Recipe: Chocolate Sponge Cake with Chocolate Mousse and Chocolate Leaves
Techniques: Sponge Cake, Chocolate Mousse, Chocolate Tempering, Chocolate Piping
Time was not on my side when making this recipe. In hindsight, I should have attempted this over two evenings. I almost became hysterical at a few stages with this one. It certainly earned its intermediate/advanced rating.
Ironically, the chocolate leaves (if you squint they look a bit like leaves) were the easiest part of the recipe. The part that challenged me the most, was the advanced level cake I chose to make that was meant to showcase the decorations. Hopefully I’ve learnt my lesson for next time.
I began by making the chocolate sponge cake, the first thing I noticed is that the cake didn’t have any fat in it. This is not the norm for British baking, however on further reading, I found this to be very typical of French baking. They prefer instead to whip the egg whites and use this to raise the cake.
Another interesting addition to this recipe is the inclusion of corn flour. From memory, I haven’t ever added this to a sponge cake recipe. A bit of research seems to suggest that the addition of corn flour makes the cake lighter and absorbs any extra moisture, keeping it airy and light.
The cake itself was relatively easy to make. I committed the common mistake of whisking the egg whites on too high a speed setting and splattered the kitchen with some of the eggy sugar mix (joy)! After the excitement of that, I folded the egg whites into the yolks, which I had already beaten with the remaining sugar. I then incorporated the sifted flour, baking powder, cocoa powder and cornflour blend into the egg mixture.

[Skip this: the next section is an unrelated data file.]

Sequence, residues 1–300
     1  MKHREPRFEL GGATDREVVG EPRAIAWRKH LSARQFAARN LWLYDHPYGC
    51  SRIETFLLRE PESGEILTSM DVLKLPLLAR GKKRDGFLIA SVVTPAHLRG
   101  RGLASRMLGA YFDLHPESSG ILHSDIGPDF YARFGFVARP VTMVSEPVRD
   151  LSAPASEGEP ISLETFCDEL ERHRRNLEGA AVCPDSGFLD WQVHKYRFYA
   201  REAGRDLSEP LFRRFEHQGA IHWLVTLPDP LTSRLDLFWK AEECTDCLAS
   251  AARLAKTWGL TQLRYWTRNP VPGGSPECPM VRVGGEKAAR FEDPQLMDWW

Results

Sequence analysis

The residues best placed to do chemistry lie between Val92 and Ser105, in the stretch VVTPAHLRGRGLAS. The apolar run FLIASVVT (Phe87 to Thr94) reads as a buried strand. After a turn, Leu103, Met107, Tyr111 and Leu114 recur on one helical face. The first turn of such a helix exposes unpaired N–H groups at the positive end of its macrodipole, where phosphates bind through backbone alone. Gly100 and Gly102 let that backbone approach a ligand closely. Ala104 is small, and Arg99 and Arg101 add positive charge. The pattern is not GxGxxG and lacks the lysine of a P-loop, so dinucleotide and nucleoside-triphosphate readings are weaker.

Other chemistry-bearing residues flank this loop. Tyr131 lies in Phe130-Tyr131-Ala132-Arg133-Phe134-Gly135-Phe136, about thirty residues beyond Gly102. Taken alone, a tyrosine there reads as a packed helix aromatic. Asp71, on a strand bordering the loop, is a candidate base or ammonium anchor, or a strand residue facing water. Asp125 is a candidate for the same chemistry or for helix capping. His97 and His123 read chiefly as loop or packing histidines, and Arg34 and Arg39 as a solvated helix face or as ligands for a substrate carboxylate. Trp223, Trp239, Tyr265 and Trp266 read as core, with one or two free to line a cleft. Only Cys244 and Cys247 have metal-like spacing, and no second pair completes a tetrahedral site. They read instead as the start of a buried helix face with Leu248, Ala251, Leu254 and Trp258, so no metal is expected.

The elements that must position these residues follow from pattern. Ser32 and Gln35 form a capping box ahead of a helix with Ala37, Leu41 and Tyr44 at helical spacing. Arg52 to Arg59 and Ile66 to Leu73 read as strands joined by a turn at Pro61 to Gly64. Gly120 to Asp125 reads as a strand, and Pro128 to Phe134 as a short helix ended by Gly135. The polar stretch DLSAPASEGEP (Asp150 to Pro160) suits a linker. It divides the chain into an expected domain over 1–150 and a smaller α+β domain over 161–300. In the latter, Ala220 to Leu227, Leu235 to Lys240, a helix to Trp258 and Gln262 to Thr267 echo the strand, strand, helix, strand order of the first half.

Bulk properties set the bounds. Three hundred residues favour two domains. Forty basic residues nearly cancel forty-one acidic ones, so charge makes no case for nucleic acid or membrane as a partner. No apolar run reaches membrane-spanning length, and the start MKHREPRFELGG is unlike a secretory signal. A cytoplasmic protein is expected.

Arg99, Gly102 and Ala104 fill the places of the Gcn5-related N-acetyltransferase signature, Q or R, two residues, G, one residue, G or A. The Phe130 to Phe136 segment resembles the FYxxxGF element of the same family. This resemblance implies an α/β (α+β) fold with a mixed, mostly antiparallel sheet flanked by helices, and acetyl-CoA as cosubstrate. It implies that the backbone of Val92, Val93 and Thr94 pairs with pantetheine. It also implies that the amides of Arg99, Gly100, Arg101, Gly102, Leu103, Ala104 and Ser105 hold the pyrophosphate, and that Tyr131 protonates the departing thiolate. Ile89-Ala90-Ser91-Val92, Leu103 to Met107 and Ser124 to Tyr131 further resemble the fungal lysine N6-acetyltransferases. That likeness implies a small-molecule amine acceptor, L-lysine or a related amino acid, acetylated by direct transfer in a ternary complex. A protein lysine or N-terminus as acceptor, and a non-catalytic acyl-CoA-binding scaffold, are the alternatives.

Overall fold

Once it was all combined I put it in the oven to cook. Smugly satisfied, I wiped down the kitchen walls and moved on to the mousse. From reading through the recipe – mise en place – I knew that the mousse needed two hours in the freezer to set before I could then decorate the cake with my leaves.
This was another recipe in the book that required me to have at least 3 pairs of hands. I was somehow meant to create a sugar syrup, to add to egg yolks that were being whisked, whilst also melting chocolate over a pan of boiling water. Thankfully the cream could be whipped after the other three were combined.
So I got my chocolate ready in a bowl over a saucepan of water, whilst I stirred the sugar syrup (which needed to reach a temperature of 118˚C) with one hand and also whisked my eggs with the other. What could possibly go wrong?
Well, I kept an eye on the temperature of the sugar syrup whilst still whisking the eggs, this resulted in more kitchen splattering. I then almost dropped the thermometer in the syrup. After retrieving it, I managed to somehow flip it up in the air and spray my skin with sugar syrup exceeding 100˚C but not quite reaching 118˚C. Oh the irony!